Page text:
When we think of math, we think about equations, numbers and letters, the answer to a puzzle. Math helps us with our lives almost everyday, just in passing thought even. What we do not do however, is think about how math came to be in the first place. Did someone create it, let it come into their mind and release it for others to find out about, or was it founded, and people used their knowledge of it to create more ideas from it and has now become the universal language for all? In the best way to put it, mathematics was discovered. Mathematics has always naturally existed in nature and we just found a way to talk about it. Whether or not humans existed, there would have always been a concept of more and less and the relationships between. Math (as we are taught it) is just the common language we use to discuss and explain how to answer propositions.
Have you ever thought about the question “do trees exist or were they discovered?” It might be a stupid question to ask yourself, but when you think about, trees exist without a name without humans, but we did discover them and we did give them a name so we can discuss them. Math is the same way. Famous physicist Richard Feynman once said: ‘Not knowing mathematics is a severe limitation in understanding the world.” As much as some of us dislike math, it is an important part of society and our culture. Math is used all around the world almost the same way and is sometimes easier to retain than other subjects. You are constantly repeating the same things to help get you to memorize what you are learning and that can really help when it comes to studying and remembering information. We do not realize that we use basic math in our lives almost daily. It gives you a different perspective on how we learn things and is overall a helpful experience for everyone.
Since we are talking about mathematics being discovered, there is a big question a lot of philosophers have used, which is “do mathematical objects exist?” A question that can have universal answers because none of us know. Of course, in hindsight, mathematical objects do not prevail in the same way that a physical object prevail. You can physically touch a table, but you cannot physically touch a number. With this peculiar knowledge we can refer back to the seventeenth century, when Plato was thriving. Plato believed in rationalism, which is the theory that reason rather than experience is the foundation of certainty in knowledge. If you want to know something, you have to know how it works, rather than actually doing something to learn about it. This can refer back to the fact that mathematics was discovered and not invented because we learned theories of math and how they worked and applied it to everyday life which then created new and different ideas about math that spread throughout the world to where it is now. Immanuel Kant, another popular philosopher, had different ideas about mathematics. He believed in a priori which is “relating to or derived by reasoning from self-evident propositions.” He claims that mathematical judgments are always a priori judgment. They are necessary, meaning they cannot be borrowed from experience. Kant believed that it is unnecessary to subject mathematics to such a specific critique. Mainly because the use of pure reason in mathematics is kept to a “visible track” via instinct. His unique ideas about mathematical reasoning is also interesting because he has a claim that mathematical cognition comes from the “construction of its concepts.” So, for example, we all know what a triangle is. Kant believed that the concept of a triangle can be diffusely defined as a figure contained by three straight lines, meaning the triangle is “constructed.” Another example of how we can see that mathematics was discovered because we can take things in math that are super simple, such as shapes, and create new perceptions of the way we see them, rather than just looking at a triangle and seeing just a boring triangle. In a book called “Plato’s Ghost: The Modernist Transformation of Mathematics” by Jeremy Gray, Gray talks about Kant and his ideals about mathematics, stating “….mathematics yields theoretical knowledge purely, whereas physics is at least partially concerned with sources of knowledge other than reason” (Gray, 2008) [Pg. 78]. Kant believed that mathematics details to the forms of perception. In “Thinking about Mathematics: The Philosophy of Mathematics” by Stewart Shapiro, Shapiro talks about Kant and the way he sees mathematics in philosophy, stating “…mathematics is necessary and knowable a priori, but mathematics has something to do with the physical world” (Shapiro, 2000) [Pg. 23]. With this quote we can takeaway that mathematics relates to the way things happen around us physically, but are not physically tangible for us. Also bringing us back to the point that mathematics was discovered because of the physicality of it all.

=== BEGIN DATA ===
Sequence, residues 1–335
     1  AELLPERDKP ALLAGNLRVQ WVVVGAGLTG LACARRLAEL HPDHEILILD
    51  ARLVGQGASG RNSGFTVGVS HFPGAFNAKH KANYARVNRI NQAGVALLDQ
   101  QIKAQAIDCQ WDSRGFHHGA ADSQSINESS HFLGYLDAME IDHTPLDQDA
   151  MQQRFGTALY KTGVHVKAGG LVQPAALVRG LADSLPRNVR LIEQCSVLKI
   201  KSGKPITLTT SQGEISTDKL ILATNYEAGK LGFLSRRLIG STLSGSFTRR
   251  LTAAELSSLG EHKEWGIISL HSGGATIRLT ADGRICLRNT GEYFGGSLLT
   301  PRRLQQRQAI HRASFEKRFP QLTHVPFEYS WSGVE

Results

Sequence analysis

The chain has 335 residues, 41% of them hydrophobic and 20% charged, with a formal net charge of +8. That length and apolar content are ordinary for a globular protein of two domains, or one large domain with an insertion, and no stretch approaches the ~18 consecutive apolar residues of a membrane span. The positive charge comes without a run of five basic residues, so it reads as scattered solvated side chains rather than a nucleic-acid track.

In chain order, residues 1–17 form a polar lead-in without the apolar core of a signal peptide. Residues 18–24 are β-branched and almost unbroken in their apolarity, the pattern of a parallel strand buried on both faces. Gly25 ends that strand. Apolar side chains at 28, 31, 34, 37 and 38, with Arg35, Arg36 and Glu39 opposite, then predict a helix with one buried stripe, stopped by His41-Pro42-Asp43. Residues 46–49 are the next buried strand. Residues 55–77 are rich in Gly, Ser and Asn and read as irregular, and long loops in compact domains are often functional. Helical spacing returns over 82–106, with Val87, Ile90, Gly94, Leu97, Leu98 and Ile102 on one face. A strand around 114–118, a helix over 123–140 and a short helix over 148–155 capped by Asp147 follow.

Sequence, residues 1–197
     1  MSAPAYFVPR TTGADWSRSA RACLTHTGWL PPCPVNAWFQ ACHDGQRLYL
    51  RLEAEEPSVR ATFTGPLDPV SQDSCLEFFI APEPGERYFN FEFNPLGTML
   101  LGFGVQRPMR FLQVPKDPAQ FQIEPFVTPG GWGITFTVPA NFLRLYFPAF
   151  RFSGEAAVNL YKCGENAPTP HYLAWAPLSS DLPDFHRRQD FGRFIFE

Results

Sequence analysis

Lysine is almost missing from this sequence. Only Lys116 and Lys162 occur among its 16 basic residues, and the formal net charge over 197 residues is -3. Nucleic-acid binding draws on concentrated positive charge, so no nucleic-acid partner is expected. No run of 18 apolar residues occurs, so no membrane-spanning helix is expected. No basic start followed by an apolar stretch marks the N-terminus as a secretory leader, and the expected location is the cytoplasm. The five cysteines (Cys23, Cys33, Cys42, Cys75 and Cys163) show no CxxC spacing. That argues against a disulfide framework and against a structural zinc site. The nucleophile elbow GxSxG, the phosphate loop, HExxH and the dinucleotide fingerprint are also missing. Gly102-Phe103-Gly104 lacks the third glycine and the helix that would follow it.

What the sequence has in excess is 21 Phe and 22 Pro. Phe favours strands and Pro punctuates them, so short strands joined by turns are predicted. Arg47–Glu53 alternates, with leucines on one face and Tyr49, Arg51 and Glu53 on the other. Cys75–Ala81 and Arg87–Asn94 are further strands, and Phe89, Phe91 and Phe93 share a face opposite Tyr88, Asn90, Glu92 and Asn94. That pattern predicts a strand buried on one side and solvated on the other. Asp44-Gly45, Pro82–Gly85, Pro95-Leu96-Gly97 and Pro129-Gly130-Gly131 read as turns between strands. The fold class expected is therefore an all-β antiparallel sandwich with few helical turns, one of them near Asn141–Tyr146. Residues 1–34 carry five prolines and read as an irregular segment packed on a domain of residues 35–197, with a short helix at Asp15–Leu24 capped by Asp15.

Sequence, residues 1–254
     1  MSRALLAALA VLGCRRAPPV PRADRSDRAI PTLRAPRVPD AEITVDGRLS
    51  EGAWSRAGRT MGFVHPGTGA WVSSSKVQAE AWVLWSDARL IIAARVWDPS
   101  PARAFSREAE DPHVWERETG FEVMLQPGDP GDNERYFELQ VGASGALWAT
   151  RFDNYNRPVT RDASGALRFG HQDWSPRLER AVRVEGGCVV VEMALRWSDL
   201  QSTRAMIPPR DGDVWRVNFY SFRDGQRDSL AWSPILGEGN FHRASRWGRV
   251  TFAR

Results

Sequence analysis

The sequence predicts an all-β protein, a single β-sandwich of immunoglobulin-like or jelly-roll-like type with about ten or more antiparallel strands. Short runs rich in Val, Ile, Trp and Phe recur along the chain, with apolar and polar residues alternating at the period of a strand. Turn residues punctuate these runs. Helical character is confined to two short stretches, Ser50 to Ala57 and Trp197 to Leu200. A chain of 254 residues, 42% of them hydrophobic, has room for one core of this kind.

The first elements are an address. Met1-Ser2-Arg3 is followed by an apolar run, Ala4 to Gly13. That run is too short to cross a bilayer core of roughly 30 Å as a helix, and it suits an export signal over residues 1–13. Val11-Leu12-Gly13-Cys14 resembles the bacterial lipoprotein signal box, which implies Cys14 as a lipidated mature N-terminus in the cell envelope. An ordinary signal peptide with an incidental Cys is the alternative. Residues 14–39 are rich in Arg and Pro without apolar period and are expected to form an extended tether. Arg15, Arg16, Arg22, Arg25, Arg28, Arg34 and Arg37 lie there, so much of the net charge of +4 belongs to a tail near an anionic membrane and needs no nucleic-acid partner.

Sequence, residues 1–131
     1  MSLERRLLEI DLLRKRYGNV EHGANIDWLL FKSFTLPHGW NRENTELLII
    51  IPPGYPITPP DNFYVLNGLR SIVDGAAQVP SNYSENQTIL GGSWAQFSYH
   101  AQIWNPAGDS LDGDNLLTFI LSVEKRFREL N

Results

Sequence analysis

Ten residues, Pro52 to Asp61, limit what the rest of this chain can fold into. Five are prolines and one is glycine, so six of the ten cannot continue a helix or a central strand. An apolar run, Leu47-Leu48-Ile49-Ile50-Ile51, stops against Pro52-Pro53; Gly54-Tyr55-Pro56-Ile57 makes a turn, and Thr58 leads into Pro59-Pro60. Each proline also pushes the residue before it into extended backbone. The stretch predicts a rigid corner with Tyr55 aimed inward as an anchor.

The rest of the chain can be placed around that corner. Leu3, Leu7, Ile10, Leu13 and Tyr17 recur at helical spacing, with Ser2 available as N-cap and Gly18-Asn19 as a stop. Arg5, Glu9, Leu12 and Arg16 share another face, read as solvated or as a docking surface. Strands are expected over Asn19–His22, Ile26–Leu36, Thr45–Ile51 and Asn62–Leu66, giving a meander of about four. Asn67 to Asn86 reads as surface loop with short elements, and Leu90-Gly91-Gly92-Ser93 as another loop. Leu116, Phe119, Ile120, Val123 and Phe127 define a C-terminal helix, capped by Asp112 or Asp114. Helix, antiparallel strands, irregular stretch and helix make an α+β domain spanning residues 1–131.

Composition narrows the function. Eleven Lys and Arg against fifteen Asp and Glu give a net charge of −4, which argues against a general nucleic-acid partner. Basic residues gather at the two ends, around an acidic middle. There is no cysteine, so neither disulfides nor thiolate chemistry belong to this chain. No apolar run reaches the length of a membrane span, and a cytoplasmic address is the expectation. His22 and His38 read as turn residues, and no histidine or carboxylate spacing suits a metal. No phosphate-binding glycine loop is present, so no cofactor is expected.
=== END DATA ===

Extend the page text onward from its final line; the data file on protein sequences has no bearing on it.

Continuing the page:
In another realm of philosophy, we turn to Frege. Frege created foundations for contemporary discipline of logic. He did so by creating a system that allowed one to study inferences correctly, and also by creating an analysis of complicated sentences/phrases that showed a hidden unity of specific classes of assumptions. In “Thinking about Mathematics: The Philosophy of Mathematics”, Shapiro talks about Frege by stating that, ”…Frege held that only knowable or justifiable propositions can be analytic or a priori’ (Shapiro, 2000) [Pg. 109]. Meaning that Frege only thought that known or justifiable options could be a priori. Frege also believed in logicism, which is the theory that mathematics is an extension of logic, and therefore that some or all mathematics is reducible to logic. By this he is saying that all of mathematics, no matter the level, can be shortened to rationale.
Another philosopher, Kurt Gödel, believed that mathematics is involved with the regular features of the real world. Gödel seemed to claim that the axioms do not have to be obvious in what they are themselves. He believed that just like the way we study animals, we do the same with mathematical objects and their properties, and why they are so important. He also believed in intuitionism, which is the theory that primary truths and principles are known directly by intuition. Since intuition is the ability to understand something immediately, without the need for conscious reasoning, mathematics becomes inferior to this statement because before ever knowing anything about math, you need to learn about it to be able to know it off the top of your head.